It doesn't really seem feasible in today's game for a person weighing 170-180 lbs. to hit 40 homers a year. That can't really be because pitchers throw so hard that they now knock the bat out of 170-pounders' hands; velocity is about the same now as in the 1960's, right? Perhaps the conditions of an AB have become a little tougher, so that batters don't have time to load up quite as much as Mays and Aaron were able to, and the batter's strength becomes more important ...
Put another way: do you believe that Aaron, Mays, Frank Robinson, Ernie Banks, etc. would still hit 500+ homers in today's game? If so, wondering where those 180-pound cleanup hitters are today. - thanks, Jeff
Asked by: jemanji
Answered: 1/25/2013
Pitchers throw harder now than they did in the 1960s. .. or this:  there are MORE hard-throwing pitchers now than there were in the 1960s.   
There's a lot there to unpack.    Those listed weights tend to be what the player weighed when he came to the major leagues, rather than what he weighed in mid-career.   They also list Juan Gonzalez as weighing 175 pounds, Sammy Sosa at 165 (!!), and Nomar at 167.  
Willie was 5-10, 5-10 1/2, but muscular.     I don't have any doubt that he could hit homers in today's game.    



Great point:  Juan Gone was listed at 175 as a rook, and probably actually weighed about that.  Aaron, Mays, etc., these guys came to the bigs at 18, 19.  Guys do gain size at 18, 19, 20, 21, 22.  Sometimes a lot of it.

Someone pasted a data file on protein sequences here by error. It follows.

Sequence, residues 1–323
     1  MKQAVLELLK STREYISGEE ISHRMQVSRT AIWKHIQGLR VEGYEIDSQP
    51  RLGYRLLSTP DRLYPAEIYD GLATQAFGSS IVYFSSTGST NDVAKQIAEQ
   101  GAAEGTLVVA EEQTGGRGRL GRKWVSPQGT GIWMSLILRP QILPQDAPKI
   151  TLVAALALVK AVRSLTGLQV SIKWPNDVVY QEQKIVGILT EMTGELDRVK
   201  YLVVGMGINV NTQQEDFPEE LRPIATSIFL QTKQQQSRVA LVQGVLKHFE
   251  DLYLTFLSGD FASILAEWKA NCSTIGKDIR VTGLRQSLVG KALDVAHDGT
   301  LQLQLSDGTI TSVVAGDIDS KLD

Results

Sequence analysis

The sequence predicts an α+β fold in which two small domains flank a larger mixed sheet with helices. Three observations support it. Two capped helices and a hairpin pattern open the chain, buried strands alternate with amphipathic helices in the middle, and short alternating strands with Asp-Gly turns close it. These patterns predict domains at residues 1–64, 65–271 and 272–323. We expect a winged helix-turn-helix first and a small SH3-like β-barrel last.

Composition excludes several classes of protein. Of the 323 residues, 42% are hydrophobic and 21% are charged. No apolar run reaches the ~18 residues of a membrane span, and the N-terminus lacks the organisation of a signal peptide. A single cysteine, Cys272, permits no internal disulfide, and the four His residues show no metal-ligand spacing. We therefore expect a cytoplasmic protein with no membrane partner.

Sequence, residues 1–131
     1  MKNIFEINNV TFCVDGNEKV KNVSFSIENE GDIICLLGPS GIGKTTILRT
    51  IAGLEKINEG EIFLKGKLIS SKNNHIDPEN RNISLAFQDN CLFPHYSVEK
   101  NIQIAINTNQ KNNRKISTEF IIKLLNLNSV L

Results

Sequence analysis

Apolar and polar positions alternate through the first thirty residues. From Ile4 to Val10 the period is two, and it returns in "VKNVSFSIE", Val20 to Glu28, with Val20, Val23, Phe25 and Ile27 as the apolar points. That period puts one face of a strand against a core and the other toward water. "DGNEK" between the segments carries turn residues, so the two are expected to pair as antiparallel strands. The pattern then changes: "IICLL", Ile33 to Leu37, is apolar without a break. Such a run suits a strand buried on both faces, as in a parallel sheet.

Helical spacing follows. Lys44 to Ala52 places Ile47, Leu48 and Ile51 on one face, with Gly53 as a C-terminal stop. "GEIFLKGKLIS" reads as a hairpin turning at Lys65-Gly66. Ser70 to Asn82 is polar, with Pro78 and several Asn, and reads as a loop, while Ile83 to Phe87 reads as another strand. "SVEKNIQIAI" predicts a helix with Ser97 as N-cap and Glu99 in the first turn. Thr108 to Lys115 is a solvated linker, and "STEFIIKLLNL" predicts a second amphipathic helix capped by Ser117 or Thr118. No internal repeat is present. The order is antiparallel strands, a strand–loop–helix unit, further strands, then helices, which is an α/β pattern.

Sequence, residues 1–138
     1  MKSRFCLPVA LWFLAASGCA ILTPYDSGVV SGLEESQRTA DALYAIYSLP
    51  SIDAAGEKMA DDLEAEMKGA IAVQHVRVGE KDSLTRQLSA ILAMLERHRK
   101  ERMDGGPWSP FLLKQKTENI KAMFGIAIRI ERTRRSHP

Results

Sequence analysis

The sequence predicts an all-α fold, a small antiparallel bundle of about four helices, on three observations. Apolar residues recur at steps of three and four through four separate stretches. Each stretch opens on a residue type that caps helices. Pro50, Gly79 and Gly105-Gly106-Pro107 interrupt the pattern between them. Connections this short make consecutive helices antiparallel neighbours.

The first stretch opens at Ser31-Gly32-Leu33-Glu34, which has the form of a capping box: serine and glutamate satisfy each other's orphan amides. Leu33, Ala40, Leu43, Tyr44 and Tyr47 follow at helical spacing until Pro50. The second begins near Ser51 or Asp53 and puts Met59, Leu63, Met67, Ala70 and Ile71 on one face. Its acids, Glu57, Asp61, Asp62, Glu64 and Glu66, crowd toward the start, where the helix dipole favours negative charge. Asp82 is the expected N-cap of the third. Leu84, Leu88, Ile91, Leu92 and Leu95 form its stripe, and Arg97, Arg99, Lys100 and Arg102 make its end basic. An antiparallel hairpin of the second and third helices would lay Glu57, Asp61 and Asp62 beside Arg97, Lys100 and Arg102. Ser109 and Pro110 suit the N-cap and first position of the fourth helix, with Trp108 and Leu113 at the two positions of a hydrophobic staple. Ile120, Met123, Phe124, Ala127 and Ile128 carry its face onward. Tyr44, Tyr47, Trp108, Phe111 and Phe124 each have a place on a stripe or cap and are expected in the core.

You also can gain if you haven't lifted weights much.  At age 50, I managed to gain 10+ pounds of lean mass in 90 days -- because I hadn't lifted in years and years.  If there is traction to this one, it's precisely in the fact that Franklin was under developed prior to this year.  Which of course is why he slid in the draft...

The 90-day cycle is all the rage these days.  You go in there and blast it, super intense, and yes you can make stunning gains over a winter's time.  ... Not by just working out.  We're talking about pedal to the metal, doing everything you're possibly capable of, day in and day out.

Adding it all up ... if Nick Franklin was all these things

  • Young
  • Pretty skinny
  • Hadn't ever lifted much
  • Is a real dirt-dog gym rat who has a berserker mode he applied to bodybuilding